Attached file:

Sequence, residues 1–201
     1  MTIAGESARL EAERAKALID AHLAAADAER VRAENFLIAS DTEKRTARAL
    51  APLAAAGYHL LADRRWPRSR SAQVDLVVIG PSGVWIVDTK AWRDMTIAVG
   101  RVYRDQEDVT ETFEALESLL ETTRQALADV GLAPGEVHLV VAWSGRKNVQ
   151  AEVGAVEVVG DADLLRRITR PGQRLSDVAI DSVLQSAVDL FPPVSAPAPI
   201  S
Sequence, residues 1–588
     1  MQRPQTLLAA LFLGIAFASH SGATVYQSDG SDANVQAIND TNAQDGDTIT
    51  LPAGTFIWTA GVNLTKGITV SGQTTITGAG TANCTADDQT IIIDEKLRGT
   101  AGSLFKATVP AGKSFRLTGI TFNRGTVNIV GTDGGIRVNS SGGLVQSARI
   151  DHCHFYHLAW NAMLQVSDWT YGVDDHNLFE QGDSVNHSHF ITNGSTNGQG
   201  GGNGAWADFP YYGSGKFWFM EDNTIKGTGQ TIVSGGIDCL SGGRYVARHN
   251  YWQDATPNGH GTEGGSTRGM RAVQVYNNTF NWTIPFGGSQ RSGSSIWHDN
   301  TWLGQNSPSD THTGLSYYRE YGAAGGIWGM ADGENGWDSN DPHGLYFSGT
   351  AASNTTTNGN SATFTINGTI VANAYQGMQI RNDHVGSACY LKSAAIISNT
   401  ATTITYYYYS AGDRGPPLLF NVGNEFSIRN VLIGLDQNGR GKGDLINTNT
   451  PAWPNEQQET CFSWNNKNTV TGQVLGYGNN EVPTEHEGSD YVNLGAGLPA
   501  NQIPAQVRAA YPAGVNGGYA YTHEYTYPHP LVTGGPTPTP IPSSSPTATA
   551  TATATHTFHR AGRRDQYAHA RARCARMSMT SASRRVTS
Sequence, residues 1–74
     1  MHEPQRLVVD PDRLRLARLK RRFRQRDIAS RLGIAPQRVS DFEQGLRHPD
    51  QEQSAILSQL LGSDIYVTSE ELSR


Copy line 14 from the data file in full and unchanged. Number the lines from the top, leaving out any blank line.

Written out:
   301  TWLGQNSPSD THTGLSYYRE YGAAGGIWGM ADGENGWDSN DPHGLYFSGT